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Full-Text Articles in Law

My Friend, Charles Reich, Hon. Guido Calabresi Jan 2021

My Friend, Charles Reich, Hon. Guido Calabresi

Touro Law Review

No abstract provided.


Politics, Identity, And Class Certification On The U.S. Courts Of Appeals, Stephen B. Burbank, Sean Farhang Jan 2020

Politics, Identity, And Class Certification On The U.S. Courts Of Appeals, Stephen B. Burbank, Sean Farhang

Faculty Scholarship at Penn Law

This Article draws on novel data and presents the results of the first empirical analysis of how potentially salient characteristics of Court of Appeals judges influence class certification under Rule 23 of the Federal Rules of Civil Procedure. We find that the ideological composition of the panel (measured by the party of the appointing president) has a very strong association with certification outcomes, with all-Democratic panels having dramatically higher rates of procertification outcomes than all-Republican panels—nearly triple in about the past twenty years. We also find that the presence of one African American on a panel, and the presence ...


Rules, Tricks And Emancipation, Jessie Allen Jan 2020

Rules, Tricks And Emancipation, Jessie Allen

Book Chapters

Rules and tricks are generally seen as different things. Rules produce order and control; tricks produce chaos. Rules help us predict how things will work out. Tricks are deceptive and transgressive, built to surprise us and confound our expectations in ways that can be entertaining or devastating. But rules can be tricky. General prohibitions and prescriptions generate surprising results in particular contexts. In some situations, a rule produces results that seem far from what the rule makers expected and antagonistic to the interests the rule is understood to promote. This contradictory aspect of rules is usually framed as a downside ...


Foreword, National Injunctions: What Does The Future Hold?, Suzette Malveaux Jan 2020

Foreword, National Injunctions: What Does The Future Hold?, Suzette Malveaux

Articles

This Foreword is to the 27th Annual Ira C. Rothgerber Jr. Conference, National Injunctions: What Does the Future Hold?, which was hosted by The Byron R. White Center for the Study of American Constitutional Law at the University of Colorado Law School, on Apr. 5, 2019.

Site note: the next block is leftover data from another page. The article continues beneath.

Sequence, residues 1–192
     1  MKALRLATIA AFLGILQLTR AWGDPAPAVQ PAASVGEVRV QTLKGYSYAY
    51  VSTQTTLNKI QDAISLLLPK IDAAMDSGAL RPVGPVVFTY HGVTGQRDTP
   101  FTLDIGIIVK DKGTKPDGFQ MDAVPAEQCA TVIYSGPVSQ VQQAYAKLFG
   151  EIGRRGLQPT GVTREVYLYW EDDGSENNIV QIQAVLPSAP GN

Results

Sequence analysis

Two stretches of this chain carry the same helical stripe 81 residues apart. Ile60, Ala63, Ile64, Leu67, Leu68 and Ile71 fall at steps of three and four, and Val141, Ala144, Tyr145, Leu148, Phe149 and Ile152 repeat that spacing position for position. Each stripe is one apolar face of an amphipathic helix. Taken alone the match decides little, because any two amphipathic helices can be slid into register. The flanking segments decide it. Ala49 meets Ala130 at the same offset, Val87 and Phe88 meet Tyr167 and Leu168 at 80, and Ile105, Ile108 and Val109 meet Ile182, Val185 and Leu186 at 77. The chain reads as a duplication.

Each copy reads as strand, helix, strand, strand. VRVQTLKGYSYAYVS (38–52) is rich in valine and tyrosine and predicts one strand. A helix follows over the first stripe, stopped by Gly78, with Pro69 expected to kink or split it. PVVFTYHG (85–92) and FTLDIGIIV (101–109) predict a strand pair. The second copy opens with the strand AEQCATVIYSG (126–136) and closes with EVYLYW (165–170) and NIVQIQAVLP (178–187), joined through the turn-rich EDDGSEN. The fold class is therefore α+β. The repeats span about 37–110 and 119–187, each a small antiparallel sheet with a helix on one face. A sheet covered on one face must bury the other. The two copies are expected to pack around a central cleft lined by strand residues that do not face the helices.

Politics, Identity, And Class Certification On The U.S. Courts Of Appeals, Stephen B. Burbank, Sean Farhang Aug 2019

Politics, Identity, And Class Certification On The U.S. Courts Of Appeals, Stephen B. Burbank, Sean Farhang

Sean Farhang

This article draws on novel data and presents the results of the first empirical analysis of how potentially salient characteristics of Court of Appeals judges influence precedential lawmaking on class certification under Rule 23. We find that the partisan composition of the panel (measured by the party of the appointing president) has a very strong association with certification outcomes, with all-Democratic panels having more than double the certification rate of all-Republican panels in precedential cases. We also find that the presence of one African American on a panel, and the presence of two females (but not one), is associated with ...


Double Jeopardy Jul 2019

Double Jeopardy

Touro Law Review

No abstract provided.


Double Jeopardy Supreme Court Appellate Division Second Department Jul 2019

Double Jeopardy Supreme Court Appellate Division Second Department

Touro Law Review

No abstract provided.


Double Jeopardy Jul 2019

Double Jeopardy

Touro Law Review

No abstract provided.


Newsroom: Governor Raimondo On Rwu Law 09-19-2017, Roger Williams University School Of Law Sep 2017

Newsroom: Governor Raimondo On Rwu Law 09-19-2017, Roger Williams University School Of Law

Life of the Law School (1993- )

No abstract provided.


Police Misconduct - A Plaintiff's Point Of View, Part Ii, John Williams Apr 2016

Police Misconduct - A Plaintiff's Point Of View, Part Ii, John Williams

Touro Law Review

No abstract provided.


Police Misconduct - A Plaintiff's Point Of View, Fred Brewington Apr 2016

Police Misconduct - A Plaintiff's Point Of View, Fred Brewington

Touro Law Review

No abstract provided.


Criminal Prosecution And Section 1983, Barry C. Scheck Apr 2016

Criminal Prosecution And Section 1983, Barry C. Scheck

Touro Law Review

No abstract provided.


Section 1983 Custom Claims And The Code Of Silence, Myriam Gilles Apr 2016

Section 1983 Custom Claims And The Code Of Silence, Myriam Gilles

Touro Law Review

No abstract provided.


Opinions I Should Have Written, Judge Nancy Gertner (Ret.) Feb 2016

Opinions I Should Have Written, Judge Nancy Gertner (Ret.)

Northwestern University Law Review

In 1991, the Chicago law firm of Pope & John Ltd. established a lecture series at Northwestern University School of Law. The Pope & John Lecture on Professionalism focuses on the many dimensions of a lawyer’s professional responsibility, including legal ethics, public service, professional civility, pro bono representation, and standards of conduct. The Northwestern University Law Review is pleased to present the November 12, 2014 Pope & John Lecture by Judge Nancy Gertner.